FAKE IT TILL YOU MAKE IT

HolmesAnyone who can recall my satirical series, ‘Exposure’, back when YT allowed such filth – or indeed has viewed it recently since its resurrection on my Patreon site – might remember I once referred to California’s Silicon Valley in it as Sillycunt Valley; an obvious gag, perhaps, but one that retains its unhealthy relevance as big tech’s epicentre continues to dictate public discourse via its stranglehold on internet content and its permanent sleepovers at the homes of world leaders. Indeed, just this week, the overconfident conviction that the wool can be pulled over the eyes of investors and consumers alike – an attitude that has fuelled the rise of self-made billionaires whose belief that the charisma of its sales-person is enough to secure success – has had its flaws exposed in a Court of Law, highlighting how the arrogant Silicon Valley approach to business isn’t that dissimilar to the gambles taken by 19th century industrialists who could talk the talk and risk other people’s fortunes in the pursuit of financial gain.

As has often been suggested, 37-year-old Elizabeth Holmes sold herself as a female Steve Jobs, even going so far as to adopt the famous black turtleneck sweaters her inspiration had trademarked. On the ‘TED Talk’ circuit, Holmes was a star of the early 2010s, a photogenic and charismatic communicator who convinced the powerful and the wealthy – including the likes of Rupert Murdoch and Henry Kissinger – that her company Theranos was the quick and easy way forward in the testing of health conditions, one that crucially didn’t require injections. Holmes claimed she had developed a means of testing that involved a simple pinprick; a mere drop of blood would be sufficient when it came to such a process. It sounded radical and revolutionary, and one would perhaps have expected its inventor to have at least a degree of medical training to have come up with this groundbreaking innovation.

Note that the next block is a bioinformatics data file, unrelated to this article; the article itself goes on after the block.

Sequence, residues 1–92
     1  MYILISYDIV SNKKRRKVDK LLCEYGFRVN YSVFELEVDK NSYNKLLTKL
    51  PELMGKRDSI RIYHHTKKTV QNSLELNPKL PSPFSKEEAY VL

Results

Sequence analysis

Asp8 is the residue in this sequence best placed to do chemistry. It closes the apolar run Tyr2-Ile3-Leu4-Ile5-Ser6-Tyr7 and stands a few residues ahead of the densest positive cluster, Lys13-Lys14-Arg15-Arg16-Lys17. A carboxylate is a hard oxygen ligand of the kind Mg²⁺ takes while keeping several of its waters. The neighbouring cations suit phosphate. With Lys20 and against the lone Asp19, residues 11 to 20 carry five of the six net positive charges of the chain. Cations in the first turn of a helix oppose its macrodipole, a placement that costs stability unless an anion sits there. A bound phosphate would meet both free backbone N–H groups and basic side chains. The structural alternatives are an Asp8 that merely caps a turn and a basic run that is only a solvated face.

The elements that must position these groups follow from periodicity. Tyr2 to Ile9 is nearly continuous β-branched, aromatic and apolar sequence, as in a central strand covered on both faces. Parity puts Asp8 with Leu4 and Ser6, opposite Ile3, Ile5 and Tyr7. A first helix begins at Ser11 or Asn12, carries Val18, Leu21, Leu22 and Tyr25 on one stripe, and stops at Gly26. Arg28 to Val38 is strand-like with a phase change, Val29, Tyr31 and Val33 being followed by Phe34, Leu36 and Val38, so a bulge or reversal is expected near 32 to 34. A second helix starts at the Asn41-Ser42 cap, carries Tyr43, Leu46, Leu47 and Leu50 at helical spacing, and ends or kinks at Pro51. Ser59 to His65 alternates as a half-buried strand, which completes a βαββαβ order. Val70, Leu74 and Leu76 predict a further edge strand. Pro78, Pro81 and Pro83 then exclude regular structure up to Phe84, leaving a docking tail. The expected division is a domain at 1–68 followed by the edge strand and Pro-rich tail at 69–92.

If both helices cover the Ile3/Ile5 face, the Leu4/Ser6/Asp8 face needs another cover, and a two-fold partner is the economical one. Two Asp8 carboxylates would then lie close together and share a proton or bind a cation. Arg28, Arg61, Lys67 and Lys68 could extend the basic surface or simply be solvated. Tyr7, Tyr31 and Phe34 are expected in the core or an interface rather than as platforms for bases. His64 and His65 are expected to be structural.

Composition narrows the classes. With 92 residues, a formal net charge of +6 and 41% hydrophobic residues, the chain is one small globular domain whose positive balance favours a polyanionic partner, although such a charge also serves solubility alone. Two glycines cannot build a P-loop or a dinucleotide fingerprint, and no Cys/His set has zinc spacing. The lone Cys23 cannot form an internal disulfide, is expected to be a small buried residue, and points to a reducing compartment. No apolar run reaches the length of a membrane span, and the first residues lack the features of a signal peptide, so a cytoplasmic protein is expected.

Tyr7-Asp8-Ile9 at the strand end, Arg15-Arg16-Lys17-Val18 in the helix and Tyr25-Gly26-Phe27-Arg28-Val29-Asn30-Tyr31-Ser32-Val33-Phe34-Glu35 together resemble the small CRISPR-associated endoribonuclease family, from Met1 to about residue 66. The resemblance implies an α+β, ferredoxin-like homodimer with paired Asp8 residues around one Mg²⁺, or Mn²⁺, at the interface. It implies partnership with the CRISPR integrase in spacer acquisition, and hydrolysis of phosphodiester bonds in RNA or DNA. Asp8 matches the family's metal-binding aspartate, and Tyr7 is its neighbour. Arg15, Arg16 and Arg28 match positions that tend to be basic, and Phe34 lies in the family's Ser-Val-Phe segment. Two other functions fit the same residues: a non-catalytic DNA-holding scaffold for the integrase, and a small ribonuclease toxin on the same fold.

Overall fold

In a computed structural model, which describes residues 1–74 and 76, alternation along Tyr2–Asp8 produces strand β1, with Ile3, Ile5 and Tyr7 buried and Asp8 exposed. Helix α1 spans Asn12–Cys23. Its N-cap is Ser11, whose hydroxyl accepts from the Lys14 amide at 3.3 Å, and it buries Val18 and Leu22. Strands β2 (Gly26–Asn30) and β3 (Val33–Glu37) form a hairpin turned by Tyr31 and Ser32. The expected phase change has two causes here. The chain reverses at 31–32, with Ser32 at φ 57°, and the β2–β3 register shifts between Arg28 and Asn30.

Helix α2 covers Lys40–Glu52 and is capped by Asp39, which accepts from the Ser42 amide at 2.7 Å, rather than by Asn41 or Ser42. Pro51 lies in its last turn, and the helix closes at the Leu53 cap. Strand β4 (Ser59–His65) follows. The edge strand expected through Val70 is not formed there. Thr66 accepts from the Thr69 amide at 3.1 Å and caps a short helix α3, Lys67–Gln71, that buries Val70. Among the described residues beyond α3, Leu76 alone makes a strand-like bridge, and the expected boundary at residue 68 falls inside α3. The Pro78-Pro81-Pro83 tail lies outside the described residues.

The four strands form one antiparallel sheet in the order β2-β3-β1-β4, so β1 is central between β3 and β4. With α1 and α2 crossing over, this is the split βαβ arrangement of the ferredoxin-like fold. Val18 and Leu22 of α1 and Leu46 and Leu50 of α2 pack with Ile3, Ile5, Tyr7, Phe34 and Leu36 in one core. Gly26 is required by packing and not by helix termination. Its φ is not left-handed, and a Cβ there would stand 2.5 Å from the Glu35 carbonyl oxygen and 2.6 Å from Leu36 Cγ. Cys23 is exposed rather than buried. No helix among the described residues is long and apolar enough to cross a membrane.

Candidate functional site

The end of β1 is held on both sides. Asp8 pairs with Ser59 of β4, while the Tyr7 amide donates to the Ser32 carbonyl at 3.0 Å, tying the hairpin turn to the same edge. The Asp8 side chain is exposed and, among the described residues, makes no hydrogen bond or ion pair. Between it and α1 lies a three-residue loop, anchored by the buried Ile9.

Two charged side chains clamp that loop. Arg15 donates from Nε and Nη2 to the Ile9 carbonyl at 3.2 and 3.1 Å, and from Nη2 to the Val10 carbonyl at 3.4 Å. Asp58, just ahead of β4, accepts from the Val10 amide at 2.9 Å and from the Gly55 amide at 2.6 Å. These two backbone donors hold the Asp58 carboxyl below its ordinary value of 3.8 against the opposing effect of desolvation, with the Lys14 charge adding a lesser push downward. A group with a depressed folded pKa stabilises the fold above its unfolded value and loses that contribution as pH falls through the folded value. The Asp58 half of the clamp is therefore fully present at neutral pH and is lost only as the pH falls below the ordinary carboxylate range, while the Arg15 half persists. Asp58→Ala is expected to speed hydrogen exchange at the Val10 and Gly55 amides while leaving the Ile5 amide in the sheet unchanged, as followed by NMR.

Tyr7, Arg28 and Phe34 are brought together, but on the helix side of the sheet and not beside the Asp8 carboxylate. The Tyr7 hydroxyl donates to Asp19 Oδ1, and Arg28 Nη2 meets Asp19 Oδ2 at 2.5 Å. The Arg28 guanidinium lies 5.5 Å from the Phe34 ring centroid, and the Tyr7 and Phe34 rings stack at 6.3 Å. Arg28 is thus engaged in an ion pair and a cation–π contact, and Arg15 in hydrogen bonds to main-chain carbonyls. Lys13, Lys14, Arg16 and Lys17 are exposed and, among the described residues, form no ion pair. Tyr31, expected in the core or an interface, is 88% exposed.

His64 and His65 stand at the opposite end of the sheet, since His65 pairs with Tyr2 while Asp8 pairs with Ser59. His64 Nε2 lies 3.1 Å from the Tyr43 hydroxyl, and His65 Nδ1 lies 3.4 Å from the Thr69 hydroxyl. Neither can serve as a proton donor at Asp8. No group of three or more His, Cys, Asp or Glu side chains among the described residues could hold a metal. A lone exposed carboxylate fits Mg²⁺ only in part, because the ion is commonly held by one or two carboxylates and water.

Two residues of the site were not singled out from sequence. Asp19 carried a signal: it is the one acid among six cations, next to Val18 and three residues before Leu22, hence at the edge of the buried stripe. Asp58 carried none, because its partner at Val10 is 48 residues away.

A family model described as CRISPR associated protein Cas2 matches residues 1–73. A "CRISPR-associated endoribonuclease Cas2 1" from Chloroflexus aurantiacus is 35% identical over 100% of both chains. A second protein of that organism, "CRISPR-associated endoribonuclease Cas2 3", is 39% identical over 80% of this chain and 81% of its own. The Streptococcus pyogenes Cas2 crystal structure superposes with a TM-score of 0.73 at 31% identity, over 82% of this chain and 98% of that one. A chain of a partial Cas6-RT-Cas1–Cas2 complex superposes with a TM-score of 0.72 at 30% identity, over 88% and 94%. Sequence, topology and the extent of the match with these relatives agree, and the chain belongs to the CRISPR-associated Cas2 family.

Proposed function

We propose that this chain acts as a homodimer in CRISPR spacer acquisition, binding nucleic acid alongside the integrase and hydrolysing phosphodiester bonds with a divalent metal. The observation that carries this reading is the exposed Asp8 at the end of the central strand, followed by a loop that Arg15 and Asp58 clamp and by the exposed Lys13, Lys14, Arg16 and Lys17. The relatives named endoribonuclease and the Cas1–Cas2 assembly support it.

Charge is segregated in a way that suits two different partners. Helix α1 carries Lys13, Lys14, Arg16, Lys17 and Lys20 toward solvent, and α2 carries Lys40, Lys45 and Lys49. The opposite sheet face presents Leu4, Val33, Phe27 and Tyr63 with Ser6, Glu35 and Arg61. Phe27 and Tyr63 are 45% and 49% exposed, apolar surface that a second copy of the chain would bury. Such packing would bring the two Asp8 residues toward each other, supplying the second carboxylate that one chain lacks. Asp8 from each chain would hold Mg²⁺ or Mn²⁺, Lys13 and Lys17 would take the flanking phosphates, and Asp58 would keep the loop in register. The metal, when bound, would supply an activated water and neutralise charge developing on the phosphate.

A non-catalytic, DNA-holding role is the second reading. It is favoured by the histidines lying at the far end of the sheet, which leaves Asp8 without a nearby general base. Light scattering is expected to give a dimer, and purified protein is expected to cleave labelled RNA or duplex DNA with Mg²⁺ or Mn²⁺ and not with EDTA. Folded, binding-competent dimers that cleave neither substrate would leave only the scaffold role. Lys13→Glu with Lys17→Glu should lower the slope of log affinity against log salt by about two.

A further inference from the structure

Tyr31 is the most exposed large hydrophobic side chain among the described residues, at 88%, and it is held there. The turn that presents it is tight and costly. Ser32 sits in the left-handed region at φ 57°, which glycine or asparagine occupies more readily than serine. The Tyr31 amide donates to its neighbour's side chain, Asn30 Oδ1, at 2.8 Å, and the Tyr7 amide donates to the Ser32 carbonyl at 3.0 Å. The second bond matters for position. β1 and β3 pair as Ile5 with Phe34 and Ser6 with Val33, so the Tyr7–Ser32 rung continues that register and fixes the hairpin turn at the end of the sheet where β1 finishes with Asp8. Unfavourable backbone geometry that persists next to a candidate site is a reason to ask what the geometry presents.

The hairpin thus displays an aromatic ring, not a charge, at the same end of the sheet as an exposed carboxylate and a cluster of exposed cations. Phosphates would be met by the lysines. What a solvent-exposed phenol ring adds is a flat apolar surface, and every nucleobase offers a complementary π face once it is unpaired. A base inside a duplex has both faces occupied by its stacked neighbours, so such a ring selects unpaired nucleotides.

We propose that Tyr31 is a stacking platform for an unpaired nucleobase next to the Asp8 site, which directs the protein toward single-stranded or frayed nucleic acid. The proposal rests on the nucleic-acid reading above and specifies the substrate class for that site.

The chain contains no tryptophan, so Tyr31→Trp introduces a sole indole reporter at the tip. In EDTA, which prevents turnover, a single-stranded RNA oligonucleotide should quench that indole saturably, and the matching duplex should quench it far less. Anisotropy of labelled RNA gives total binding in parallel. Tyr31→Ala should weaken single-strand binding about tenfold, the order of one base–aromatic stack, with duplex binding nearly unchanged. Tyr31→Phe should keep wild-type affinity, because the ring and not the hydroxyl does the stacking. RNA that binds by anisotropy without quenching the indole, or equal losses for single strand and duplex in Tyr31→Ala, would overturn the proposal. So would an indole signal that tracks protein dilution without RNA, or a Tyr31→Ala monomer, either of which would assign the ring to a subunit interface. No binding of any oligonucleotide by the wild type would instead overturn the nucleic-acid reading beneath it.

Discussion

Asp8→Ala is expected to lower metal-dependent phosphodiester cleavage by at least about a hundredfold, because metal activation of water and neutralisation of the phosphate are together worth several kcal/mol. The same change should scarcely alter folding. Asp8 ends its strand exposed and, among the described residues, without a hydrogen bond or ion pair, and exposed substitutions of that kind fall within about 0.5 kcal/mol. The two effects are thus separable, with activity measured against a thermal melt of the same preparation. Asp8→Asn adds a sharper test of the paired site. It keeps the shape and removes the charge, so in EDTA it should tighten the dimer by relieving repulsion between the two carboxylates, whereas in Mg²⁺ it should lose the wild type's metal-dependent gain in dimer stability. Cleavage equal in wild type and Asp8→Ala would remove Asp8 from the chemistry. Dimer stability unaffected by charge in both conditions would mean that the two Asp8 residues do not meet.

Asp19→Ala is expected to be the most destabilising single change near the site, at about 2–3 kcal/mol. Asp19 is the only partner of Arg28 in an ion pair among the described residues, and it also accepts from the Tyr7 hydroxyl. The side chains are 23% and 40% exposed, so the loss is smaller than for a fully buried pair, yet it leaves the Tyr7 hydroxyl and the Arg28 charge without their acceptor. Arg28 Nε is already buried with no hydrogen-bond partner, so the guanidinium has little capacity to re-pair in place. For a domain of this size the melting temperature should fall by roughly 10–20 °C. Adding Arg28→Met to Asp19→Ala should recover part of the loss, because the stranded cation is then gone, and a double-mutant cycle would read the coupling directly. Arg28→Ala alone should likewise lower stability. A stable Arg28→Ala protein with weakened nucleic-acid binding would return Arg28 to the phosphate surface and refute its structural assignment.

In actual fact, the nearest Elizabeth Holmes had come to any kind of medical training was her separate stints working as a lab assistant at Stanford University’s School of Engineering and then at the Genome Institute of Singapore; she even dropped out of university in order to pursue her lifelong goal of emulating her great-great-great grandfather Charles Louis Fleischmann, co-founder of Fleischmann’s Yeast, a product that proved to be a great leap forward in the bread-making process during the late 19th century. As early as the age of nine, she professed to her father – perhaps tellingly, vice-president of doomed energy giant Enron – that what she really wanted from life was ‘to discover something new, something that mankind didn’t know was possible to do’. An admirable ambition in one so young, true; but many of us harbour such ambitions at so young an age; I know I myself as a nine-year-old would also read about great inventors whilst racking my brains trying to think of something nobody had ever thought of before – even though it often seemed to me that everything had actually been thought of after all.

Then again, I didn’t progress to an environment in which naive childhood ambitions were encouraged and extended into adulthood, where the mere idea was considered enough and the actual talent for achieving the goal was something that wasn’t necessarily top priority. In a way, this ‘believe the hype’ philosophy isn’t that different from the route pop music has taken over the past 20-25 years, whereby genuine talent and having something to say have been downgraded to secondary factors; as long as you can convince the public you’re a major talent, the talent itself will somehow magically materialise once success has occurred through sheer self-promotion. It’s a contemporary curse that cuts across many creative fields this century, but Silicon Valley in particular seems to prioritise it; and Elizabeth Holmes was first a beneficiary and then a casualty of this mindset.